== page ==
My own Jewish culture has circumcised baby boys for thousands of years, but female cutting feels different still, and that confuses me. I’ve seen documentaries on indigenous initiations rites for teenagers which usually include incredibly painful rituals. Things like this happen all over the world, a sort of pain-based transformation from teen to adult. Some of those young people have the choice to walk away; others don’t. Who am I to judge female cutting as apart from these rituals, as something inherently wrong, given the pride with which my host speaks of his own initiation?
I am left with more questions than answers. Does being a constructive and engaged global citizen mean I work to end practices I think are wrong around the world? I know my first goal should always be to understand why the practices exist and where they come from. Should my next goal be to accept them or to change them? I used to ask my students to come up with their own answers about where the line was for them: When is a cultural practice something we should try to end, and when should we accept it for its cultural importance to others? But the more I explore the world, the less sure I am that I have the right to judge anyone else’s choices.
“…it is quite enough if [educational exchange] contributes to the feeling of a common humanity, to an emotional awareness that other countries are populated not by doctrines that we fear but by people with the same capacity for pleasure and pain, for cruelty and kindness, as the people we were brought up with in our own countries.” –Senator J. William Fulbright
Teachers trying to globalize their practice often ask me how to develop a successful, socially responsible collaboration with a teacher, classroom or sister school elsewhere in the world. To be honest, I’ve been frustrated by how many potentially excellent partnerships I’ve seen tank over the last few years, so I no longer promise anything beyond making introductions and sharing strategies. There is no magic wand in this work–there is a lot of trial and error, a lot of struggling and risk, and a lot of work involved in building a successful global educational partnership.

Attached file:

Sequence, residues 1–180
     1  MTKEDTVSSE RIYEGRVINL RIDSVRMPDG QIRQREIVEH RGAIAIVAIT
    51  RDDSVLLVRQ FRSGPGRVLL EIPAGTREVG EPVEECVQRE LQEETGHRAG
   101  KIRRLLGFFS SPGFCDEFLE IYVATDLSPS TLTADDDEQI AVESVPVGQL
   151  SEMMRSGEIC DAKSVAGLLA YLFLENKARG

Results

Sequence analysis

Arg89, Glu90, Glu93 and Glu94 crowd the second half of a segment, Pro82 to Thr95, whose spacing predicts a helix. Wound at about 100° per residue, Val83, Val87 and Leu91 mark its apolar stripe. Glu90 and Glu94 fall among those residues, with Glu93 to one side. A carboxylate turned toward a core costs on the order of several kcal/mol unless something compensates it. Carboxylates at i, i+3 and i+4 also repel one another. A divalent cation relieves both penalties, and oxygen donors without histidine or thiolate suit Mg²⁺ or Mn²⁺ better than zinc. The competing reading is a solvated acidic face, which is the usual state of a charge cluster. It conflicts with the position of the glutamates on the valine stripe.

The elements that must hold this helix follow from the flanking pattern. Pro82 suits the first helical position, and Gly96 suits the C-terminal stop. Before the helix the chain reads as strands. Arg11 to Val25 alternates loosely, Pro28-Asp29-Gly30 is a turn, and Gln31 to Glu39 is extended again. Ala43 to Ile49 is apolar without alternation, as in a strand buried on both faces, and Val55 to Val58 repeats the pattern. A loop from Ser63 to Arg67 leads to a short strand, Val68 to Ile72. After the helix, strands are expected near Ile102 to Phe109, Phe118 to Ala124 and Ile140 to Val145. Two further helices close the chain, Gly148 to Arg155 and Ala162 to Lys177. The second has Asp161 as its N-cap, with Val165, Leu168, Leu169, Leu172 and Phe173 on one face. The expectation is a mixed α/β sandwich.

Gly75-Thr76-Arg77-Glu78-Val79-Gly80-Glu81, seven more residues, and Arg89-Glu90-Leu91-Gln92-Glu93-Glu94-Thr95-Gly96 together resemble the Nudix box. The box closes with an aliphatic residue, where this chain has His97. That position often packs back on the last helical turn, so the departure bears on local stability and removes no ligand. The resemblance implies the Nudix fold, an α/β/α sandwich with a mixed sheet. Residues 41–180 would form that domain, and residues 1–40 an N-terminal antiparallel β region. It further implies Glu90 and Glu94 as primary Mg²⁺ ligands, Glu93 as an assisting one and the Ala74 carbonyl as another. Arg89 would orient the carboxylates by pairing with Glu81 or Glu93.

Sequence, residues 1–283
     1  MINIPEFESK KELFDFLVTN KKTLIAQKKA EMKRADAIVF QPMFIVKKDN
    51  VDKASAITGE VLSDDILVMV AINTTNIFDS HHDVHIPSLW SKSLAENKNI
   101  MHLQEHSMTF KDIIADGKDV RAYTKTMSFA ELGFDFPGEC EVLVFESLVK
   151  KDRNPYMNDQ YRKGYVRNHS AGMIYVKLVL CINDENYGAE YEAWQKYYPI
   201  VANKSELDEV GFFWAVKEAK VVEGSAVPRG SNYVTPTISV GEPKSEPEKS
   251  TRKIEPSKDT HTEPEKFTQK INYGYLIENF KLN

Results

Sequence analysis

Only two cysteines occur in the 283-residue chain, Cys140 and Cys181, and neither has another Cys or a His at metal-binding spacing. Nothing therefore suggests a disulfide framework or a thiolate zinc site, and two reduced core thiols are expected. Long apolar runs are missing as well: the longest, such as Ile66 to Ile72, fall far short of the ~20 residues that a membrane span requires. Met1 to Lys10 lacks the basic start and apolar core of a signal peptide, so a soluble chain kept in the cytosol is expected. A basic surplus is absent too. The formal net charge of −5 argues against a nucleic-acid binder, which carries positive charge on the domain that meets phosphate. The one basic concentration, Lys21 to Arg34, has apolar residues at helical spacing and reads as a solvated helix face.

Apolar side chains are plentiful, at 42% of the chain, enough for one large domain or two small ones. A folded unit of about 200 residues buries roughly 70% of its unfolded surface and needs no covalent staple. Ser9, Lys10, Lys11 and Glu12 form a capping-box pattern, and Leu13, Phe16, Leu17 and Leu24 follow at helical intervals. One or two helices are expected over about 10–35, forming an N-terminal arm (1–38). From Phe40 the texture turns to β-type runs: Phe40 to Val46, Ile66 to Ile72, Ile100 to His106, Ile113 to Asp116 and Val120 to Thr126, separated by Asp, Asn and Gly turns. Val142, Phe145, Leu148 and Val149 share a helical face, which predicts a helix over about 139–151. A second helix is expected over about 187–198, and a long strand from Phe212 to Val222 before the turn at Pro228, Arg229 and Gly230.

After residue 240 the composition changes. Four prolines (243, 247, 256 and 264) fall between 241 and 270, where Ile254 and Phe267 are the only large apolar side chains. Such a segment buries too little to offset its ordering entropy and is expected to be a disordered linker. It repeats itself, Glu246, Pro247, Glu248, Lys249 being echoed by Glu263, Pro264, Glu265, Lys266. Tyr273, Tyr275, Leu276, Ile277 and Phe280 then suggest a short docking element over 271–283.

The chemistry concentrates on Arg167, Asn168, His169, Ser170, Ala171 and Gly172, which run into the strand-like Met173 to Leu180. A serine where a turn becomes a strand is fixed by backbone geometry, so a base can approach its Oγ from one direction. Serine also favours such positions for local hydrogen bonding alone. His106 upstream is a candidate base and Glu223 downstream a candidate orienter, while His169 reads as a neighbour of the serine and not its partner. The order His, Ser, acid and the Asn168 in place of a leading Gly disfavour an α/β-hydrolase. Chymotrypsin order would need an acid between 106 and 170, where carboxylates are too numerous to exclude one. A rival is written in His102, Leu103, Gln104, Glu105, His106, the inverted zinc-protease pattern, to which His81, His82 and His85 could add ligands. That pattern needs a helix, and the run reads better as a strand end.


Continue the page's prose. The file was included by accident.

But there’s also no question that students are moved by real human connections more than anything else we do in our increasingly global classrooms, so it’s worth trying to bring authentic partnerships into that mix. In this article, I’ll explore a few strategies which I hope might help educators build their own partnerships successfully, though I hesitate to suggest that I’ve figured out the perfect formula–I hope readers will share their insights in the comments as well.
Look first to existing networks, relationships and organizations for your ideal global partner. Finding a good partner teacher, classroom and even sister school community can be much more of a crap shoot than most global educators would like to admit. Even wonderful, established organizations like iEARN and TakingITGlobal–and well-developed programs for partnership like Flat Classroom, Challenge 20/20 and Global Partners Junior–have plenty of train wrecks in their track record. The bottom line is that it’s hard to develop a deep and collaborative relationship with colleagues in our own buildings, much less with unknown strangers across the planet.
I’ve found that the best partnerships come from existing connections in the teacher’s life and extended community. Have any of your former colleagues moved to work in schools in other parts of the world? Did any college friends end up doing unusual work globally? Have current colleagues taught abroad or do they know people who are doing so now? These questions can lead to much more personal, individualized connections–and are more likely to succeed because they will more likely spring from the vested interest of both educators.
I also know plenty of educators who have found good partners by advertising under the #globaled and #globalclassroom hash tags on Twitter, however–my point is just that deep collaboration requires full investment on both sides, and this isn’t easy to find. In terms of finding like-minded educators, I love the yearly online Global Education Conference, and its year-round community network hosted by Lucy Gray and Steve Hargadon. The conference community functions as a Professional Learning Network, offering a forum throughout the year for seeking global partners and sharing project ideas, and the conference itself often leads to new connections and collaborations (recordings of previous years’ sessions are available on the community pages). Similarly, international webinars and e-courses such as the one I teach for TakingITGlobal for Educators can be an ideal forum for developing projects, getting feedback on project ideas, and finding a global partner with similar interests.